The main picture in this section is the robot with the NXT brick disconnected. I originally programmed this robot in RobotC, but since most people don't have it I also wrote an NXT-G version of the program. Due to the limitations of the language, the NXT-G program doesn't perform as well as the RobotC one. The RobotC program moves the robot faster and still reacts fast enough to make its impacts so gentle that a cat doesn't mind getting hit (This was experimentally confirmed). The RobotC program is a comment on the NXT-G program for those of you who have RobotC.
The movie has two parts. The first shows the robot finding its way out of a tight corner and the second shows it navigating a forest of table and chair legs.
Since the robot turns a random value each time I ran each segment twice, but it escaped fairly quickly each time.
Instead of posting instructions like I often do, I decided to post a section on each sub-assembly of the robot. The pictures show each sub assembly while it's built into the robot, but they zoom in on the parts you need to see. The first two pictures in this section zoom in on the left gearing and wheel assembly from the bottom. The next two zoom out a bit to show the connections between the 2 assemblies.
The first picture in this section is a top view of the right beam connecting to the right motor (it is a 13 unit beam). The second shows the two wiring brackets I made to hold the touch sensor wire (You can ignore those if you want). The third picture shows a rear view of the right beam connecting to the rear beam (and the caster wheel). The fourth shows a bottom view of the whole rear beam. The fifth zooms in on the rear NXT mounting brackets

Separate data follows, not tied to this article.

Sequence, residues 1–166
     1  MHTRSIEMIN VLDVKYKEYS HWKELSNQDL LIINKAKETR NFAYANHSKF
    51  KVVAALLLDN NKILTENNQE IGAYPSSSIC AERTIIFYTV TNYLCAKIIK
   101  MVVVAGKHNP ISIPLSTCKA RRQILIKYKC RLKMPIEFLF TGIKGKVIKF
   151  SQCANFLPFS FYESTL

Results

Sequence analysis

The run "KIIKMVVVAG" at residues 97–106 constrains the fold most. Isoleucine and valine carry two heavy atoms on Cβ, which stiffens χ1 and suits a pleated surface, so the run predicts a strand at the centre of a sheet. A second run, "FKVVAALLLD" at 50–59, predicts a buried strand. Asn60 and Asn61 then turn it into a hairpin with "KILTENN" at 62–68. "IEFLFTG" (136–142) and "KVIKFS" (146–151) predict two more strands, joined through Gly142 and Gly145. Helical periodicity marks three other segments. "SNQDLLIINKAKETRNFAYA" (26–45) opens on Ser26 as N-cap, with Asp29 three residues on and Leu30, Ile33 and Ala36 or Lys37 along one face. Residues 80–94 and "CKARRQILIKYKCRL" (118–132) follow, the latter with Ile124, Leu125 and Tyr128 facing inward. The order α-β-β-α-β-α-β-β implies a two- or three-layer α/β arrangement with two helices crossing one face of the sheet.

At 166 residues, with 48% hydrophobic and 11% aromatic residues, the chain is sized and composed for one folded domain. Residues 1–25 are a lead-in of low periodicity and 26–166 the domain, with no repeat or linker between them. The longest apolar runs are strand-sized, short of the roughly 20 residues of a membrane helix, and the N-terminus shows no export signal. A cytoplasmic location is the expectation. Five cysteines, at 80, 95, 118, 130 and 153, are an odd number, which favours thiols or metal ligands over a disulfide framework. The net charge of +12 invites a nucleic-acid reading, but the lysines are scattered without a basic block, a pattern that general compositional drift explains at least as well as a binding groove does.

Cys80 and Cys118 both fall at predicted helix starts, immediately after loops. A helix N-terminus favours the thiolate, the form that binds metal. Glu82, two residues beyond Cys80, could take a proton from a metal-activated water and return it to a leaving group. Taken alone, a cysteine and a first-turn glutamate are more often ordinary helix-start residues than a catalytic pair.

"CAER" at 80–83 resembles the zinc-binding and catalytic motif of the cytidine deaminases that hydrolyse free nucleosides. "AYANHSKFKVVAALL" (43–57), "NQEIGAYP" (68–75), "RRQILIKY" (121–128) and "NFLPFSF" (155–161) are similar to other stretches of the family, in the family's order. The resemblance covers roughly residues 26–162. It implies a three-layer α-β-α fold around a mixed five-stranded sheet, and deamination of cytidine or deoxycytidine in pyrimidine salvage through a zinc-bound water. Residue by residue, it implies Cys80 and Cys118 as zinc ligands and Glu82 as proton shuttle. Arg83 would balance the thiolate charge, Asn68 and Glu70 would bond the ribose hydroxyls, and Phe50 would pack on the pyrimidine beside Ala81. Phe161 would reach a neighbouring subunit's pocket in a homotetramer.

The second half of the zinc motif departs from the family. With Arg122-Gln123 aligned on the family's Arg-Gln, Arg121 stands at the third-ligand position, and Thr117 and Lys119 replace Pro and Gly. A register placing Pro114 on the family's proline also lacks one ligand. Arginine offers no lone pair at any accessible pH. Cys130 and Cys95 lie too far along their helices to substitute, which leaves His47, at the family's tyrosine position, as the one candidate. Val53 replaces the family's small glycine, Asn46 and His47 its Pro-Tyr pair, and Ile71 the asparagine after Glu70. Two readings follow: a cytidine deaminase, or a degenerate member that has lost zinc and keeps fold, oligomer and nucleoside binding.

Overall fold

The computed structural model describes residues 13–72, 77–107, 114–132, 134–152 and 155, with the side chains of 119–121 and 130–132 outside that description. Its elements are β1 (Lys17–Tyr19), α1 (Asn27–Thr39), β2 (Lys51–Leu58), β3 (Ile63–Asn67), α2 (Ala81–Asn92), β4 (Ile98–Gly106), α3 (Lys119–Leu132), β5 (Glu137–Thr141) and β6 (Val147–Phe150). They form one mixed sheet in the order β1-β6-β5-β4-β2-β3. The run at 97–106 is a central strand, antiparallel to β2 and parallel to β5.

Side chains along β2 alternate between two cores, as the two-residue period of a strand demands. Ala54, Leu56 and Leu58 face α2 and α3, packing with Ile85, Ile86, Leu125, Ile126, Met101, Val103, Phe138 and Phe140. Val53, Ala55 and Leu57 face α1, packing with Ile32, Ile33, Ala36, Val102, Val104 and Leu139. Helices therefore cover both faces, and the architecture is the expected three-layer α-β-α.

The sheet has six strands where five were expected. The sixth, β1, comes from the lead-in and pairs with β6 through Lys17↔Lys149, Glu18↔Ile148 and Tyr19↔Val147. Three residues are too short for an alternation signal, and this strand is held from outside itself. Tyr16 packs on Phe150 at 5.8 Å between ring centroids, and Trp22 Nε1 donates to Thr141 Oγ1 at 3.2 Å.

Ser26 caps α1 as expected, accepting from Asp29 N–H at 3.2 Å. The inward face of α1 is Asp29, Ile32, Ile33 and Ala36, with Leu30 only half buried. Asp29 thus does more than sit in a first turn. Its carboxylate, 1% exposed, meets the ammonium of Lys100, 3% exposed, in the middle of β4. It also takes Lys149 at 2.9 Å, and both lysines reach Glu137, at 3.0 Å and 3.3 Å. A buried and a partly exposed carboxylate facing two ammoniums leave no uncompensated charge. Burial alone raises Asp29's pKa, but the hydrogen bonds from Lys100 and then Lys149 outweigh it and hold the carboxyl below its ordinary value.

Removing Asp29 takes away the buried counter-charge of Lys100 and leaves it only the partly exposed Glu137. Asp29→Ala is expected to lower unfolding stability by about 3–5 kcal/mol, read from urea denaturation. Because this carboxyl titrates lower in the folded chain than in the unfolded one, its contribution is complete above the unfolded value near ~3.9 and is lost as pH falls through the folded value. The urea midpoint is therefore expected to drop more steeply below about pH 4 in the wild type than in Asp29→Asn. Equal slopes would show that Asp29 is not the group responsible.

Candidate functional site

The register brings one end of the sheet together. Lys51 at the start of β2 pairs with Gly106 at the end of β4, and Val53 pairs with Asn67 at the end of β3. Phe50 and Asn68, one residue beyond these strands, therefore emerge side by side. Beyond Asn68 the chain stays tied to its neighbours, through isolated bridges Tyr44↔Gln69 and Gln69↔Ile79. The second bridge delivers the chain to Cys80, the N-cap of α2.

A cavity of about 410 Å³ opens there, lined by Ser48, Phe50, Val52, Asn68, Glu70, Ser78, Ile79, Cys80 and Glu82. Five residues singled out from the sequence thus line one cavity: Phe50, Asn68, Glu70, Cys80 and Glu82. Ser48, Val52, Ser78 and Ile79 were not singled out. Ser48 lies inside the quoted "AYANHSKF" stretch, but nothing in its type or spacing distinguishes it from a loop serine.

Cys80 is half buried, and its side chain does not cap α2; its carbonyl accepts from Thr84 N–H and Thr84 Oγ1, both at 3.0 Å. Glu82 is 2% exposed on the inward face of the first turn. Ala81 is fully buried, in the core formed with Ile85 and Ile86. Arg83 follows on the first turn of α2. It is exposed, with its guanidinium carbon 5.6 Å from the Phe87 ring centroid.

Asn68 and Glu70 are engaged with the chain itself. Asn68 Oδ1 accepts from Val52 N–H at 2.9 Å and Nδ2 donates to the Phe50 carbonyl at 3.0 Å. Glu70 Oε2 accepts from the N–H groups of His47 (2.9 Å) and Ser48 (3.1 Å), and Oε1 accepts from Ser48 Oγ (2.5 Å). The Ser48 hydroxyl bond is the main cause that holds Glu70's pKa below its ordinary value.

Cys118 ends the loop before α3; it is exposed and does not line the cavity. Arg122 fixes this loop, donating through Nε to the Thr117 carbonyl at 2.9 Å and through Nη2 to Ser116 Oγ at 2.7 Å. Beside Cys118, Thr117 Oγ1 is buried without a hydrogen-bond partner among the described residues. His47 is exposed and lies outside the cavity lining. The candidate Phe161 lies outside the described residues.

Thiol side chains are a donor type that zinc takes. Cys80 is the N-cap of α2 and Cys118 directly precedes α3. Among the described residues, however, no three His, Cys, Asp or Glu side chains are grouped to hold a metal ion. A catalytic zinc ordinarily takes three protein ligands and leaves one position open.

There are only three pictures in this section but there's a lot to build. The first picture shows the center of the top, with NXT mounting brackets and the base of the front structure (the beams that stick off the lower left are 13 units long). The second picture shows the front of the 13 unit beams where the connect to a 15 unit cross beam. The third picture shows how the touch sensors are connected to the cross beam.
The first picture shows another 15 unit cross beam that connects to the front structure. The second shows a 9 unit beam that connects to it. The third shows 2 seven unit beam that support the bumper.
The first picture shows the center of the front where a 7 unit beam holds four 13 unit beams together. It also shows the 15 unit beam and the zamor launching rods that increase the bumper's area. The second picture shows where the bumper connects to the left touch sensor. The third shows where a few angle beams connect to the long beams (and another zamor launching rod) The fourth picture shows where a few more angle pieces thread through the support structure to complete the bumper.
This robot is great at avoiding stuff for only having 2 touch sensors. It is by far the best touch sensor explorer I've ever made or seen, for its robust design and for it's effective method of avoiding objects. It can get itself out of the toughest of situations. If I could have you build any of my robots, it would be this one because so far it has been the most fun to play with.